At a glance: Guinea

Committing to end female genital mutilation in Guinea

UNICEF Image
© UNICEF Guinea/2009/ Baro
Guinea observed ‘Zero Tolerance Day’ against female genital mutilation/cutting at the ‘Palace of the People’ in the capital, Conakry.

By Fatoumata Thiam Diallo

CONAKRY, Guinea, 23 February 2009 – Women in Guinea took an important step forward recently as the country observed ‘Zero Tolerance Day’ against female genital mutilation/cutting (FGM/C) at Guinea’s ‘Palace of the People’ in the capital, Conakry. 

In attendance at the event were Prime Minister M. Kabinet Komara as well as President Moussa Dadis Camara’s Chief of Cabinet, Secretary and several advisors. Members of the diplomatic corps, UN Humanitarian Coordinator Mbaranga Gasarabwe and representatives from non-governmental organizations and other agencies were also there.

Opening remarks by government officials included a quoted appeal from UN Secretary-General Ban Ki-moon. UNICEF Representative in Guinea Dr. Mohamed Cisse spoke as well.

A message from Guinea’s Youth Parliament was given by its President, Aissata Camara. In her message, she begged the Prime Minister to take concrete actions to help save young girls from being harmed. And the event featured a moving dramatic play portraying the dangers of FGM/C.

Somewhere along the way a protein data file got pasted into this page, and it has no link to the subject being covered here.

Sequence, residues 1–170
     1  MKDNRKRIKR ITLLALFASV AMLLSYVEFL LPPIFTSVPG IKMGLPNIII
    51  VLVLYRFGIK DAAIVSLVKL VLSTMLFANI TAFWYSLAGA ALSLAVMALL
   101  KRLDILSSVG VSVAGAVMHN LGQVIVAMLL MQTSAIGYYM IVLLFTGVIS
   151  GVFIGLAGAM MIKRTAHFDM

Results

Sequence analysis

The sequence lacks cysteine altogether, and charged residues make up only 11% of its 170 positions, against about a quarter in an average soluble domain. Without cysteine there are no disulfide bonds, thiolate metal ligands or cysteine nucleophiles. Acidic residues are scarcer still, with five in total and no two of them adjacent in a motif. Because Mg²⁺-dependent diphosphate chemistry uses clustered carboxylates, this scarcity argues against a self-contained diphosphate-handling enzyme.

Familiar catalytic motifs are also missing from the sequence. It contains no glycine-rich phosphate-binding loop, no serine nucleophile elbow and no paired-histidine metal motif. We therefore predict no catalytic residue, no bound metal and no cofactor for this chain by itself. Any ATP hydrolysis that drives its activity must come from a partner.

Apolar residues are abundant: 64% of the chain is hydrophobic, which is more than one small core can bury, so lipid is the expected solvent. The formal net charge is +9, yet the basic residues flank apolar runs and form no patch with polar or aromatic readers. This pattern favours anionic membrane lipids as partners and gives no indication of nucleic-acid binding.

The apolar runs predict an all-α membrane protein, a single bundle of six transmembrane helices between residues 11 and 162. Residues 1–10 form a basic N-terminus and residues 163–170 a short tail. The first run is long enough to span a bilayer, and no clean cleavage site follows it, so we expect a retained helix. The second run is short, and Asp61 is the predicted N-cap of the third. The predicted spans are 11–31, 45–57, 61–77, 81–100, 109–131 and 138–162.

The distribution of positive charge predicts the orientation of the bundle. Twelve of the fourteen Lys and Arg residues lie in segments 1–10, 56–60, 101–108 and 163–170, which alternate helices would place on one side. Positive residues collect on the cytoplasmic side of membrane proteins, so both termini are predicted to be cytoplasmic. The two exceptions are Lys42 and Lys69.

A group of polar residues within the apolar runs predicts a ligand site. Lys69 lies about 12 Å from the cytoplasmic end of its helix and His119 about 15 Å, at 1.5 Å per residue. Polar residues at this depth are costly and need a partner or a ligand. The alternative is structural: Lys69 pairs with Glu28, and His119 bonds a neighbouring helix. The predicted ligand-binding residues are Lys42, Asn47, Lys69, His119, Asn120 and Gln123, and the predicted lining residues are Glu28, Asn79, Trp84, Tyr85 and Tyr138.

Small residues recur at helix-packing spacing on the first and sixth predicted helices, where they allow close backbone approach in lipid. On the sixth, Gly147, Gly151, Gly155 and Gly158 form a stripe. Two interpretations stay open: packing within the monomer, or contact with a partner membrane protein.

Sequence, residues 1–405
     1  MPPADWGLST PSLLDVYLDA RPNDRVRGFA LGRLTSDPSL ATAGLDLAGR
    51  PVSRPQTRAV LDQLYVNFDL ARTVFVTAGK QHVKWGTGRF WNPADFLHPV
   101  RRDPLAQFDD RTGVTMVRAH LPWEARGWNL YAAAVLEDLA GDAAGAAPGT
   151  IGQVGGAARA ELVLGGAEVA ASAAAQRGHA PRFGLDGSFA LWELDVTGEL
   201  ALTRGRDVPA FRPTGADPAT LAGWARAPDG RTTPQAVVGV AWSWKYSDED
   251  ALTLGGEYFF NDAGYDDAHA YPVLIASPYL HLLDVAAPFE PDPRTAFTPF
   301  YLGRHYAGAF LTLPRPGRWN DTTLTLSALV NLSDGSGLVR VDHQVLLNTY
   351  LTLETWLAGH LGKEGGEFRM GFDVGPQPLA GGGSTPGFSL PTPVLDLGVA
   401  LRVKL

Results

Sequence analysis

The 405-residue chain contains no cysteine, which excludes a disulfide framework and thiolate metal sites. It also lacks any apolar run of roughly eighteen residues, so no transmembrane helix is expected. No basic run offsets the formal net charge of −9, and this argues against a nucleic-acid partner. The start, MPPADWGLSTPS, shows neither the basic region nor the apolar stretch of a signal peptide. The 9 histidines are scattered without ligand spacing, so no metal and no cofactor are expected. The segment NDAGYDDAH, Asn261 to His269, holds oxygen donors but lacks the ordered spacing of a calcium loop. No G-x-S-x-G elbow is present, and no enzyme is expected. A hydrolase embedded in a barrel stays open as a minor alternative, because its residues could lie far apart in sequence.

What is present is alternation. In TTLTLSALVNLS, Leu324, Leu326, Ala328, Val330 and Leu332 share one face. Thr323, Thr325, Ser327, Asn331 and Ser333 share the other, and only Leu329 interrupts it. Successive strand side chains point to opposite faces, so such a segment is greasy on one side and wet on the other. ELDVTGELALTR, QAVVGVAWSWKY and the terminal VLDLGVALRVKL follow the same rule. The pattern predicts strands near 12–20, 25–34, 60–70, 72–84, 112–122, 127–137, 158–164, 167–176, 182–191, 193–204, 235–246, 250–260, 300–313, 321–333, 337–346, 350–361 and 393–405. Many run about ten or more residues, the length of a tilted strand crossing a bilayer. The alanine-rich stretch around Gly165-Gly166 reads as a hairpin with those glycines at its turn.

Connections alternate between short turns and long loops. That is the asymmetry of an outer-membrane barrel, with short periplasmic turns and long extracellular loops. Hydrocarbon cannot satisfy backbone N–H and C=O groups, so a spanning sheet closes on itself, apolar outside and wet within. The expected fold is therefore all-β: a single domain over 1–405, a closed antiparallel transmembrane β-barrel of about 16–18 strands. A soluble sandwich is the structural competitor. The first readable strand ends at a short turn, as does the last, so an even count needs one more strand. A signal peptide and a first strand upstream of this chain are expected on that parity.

Raising awareness of FGM/C

The occasion was meant to raise awareness about FGM/C and make people think about their own situation, as well as that of their mothers, sisters and daughters.

"My first experience with violence towards women was at eight years old. My grandmother took me to the bush. They put me on the ground, opened my legs and cut something from me. It hurt so much, I cried my head off for days while others where celebrating my initiation to womanhood," said Diarryatou Bah, who was married at the age of 14.

According to a 2005 national survey on demographics and health, approximately 96 per cent of women and girls in Guinea have undergone the practice of FGM/C.

More to be done

Although there is a high level of political engagement and many non-governmental organizations are working with UN agencies to help reduce the practice, there is still much more work to be done.

In 2008, a joint UNICEF/UNFPA programme started FGM/C awareness activities that will last for five years. The first year focused on community-based activities, capacity-building of the media, advocacy and human rights awareness.

Those in attendance at the ‘Zero Tolerance Day’ event noted that a change of mentality among journalists and traditional communicators is needed, since their role is to educate and inform the public. The fight against FGM/C has to be collective, based on the voluntary mobilization of communities, the speakers pointed out.

As a proof of government’s engagement, the Prime Minister took with him a document on forbidding FGM/C in the country. The document will be signed by the President and instructions will be issued urging respect for a law that was already ratified, but never applied.


 

 

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